Sometimes she seems not to know the difference between reality and fantasy. Berenice is the voice of truth in her life, but she doesn’t often listen to Berenice, or, rather, it takes a while for Berenice’s words to sink in. For instance, when Frankie asks Berenice what she would think of a soldier acting as the red-haired soldier acted, Berenice asks if the man was drunk. This hasn’t occurred to Frankie before and it changes her image of the soldier and her sense of her own safety with him. On the way home from the humiliation of the wedding Frankie sits in the back of the bus with Berenice in the Jim Crow section. Berenice tries to cheer Frankie up with the prospect of a party. It will be a double kind of party. There will be nice finger sandwiches inside for the grown up party and then there will be a rough party outside where the guests can act like rowdy children. Berenice adds the idea that they can call the newspaper and get Frankie’s name put in the paper again, adding to her worldly recognition. Here, Berenice shows her recognition of Frankie’s middle state of existence, between childhood and teenage years. Moreover, she recognizes that Frankie is looking desperately for identity and that Frankie has latched onto the idea that publicity is a form of acquiring identity.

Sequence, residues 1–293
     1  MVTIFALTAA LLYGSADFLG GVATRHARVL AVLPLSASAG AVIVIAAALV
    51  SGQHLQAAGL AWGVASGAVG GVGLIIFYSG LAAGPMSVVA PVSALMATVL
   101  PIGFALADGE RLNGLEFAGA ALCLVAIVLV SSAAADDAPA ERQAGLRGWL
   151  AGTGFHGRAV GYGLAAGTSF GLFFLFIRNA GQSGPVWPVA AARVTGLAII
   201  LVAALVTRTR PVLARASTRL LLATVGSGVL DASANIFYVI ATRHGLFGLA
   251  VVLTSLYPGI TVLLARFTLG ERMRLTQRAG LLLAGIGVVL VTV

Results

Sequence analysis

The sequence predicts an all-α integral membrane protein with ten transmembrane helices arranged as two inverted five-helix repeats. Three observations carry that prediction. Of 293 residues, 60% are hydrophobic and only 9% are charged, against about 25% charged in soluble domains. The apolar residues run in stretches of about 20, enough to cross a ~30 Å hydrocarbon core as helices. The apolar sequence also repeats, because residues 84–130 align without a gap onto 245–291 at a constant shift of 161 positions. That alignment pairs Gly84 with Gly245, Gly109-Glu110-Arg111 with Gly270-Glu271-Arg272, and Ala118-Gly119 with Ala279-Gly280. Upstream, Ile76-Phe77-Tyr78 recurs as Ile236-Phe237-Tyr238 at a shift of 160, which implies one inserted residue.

Frankie’s child status doesn’t completely end when she turns thirteen and gains a new best friend. At the end of the novel, she is still fantasizing about being a world traveler with her new friend Mary Littlejohn and becoming famous. She is unable to deal directly with her emotions about the death of John Henry. She is also unable to deal directly with the great loss that will be the loss of Berenice Sadie Brown in her life. As Berenice sits slouched and despondent in the kitchen on that last day, Frankie busies herself with sandwiches and with talk of her new friend, avoiding noticing that Berenice is already lost to her, avoiding it because she is too young to know what to do about it.




Berenice Sadie Brown

Berenice Sadie Brown is one of the most interesting mother figures in literature. Like thousands of families in the south at the time the novel is set, the Mr. Addams has his African-American housekeeper raise their daughter. Berenice is responsible for running the house and for raising Frankie almost single-handedly all for six dollars a week, not even enough money to be able to pay her own way for a day of fun with friends. Berenice isn’t living on this money by herself. She takes care of Big Mama, an invalid who lives in her house, of unnamed relation, and she supports her nephew Honey, who seems unable to manage steady employment. Still, Mr. Addams doesn’t hesitate to complain to her about the amount of food eaten in the house with the implicit accusation that Berenice is taking some of it home.

Berenice treats Frankie with a kind of rough love. When Frankie throws the knife past Berenice to hit the wall under the staircase, Berenice isn’t afraid to call her "Devil!" She is the first to tell Frankie that her crazy plans to join the wedding and go off with her brother and his fiancee on their honeymoon are never going to reach fruition and to warn her against falling in love with such things as weddings.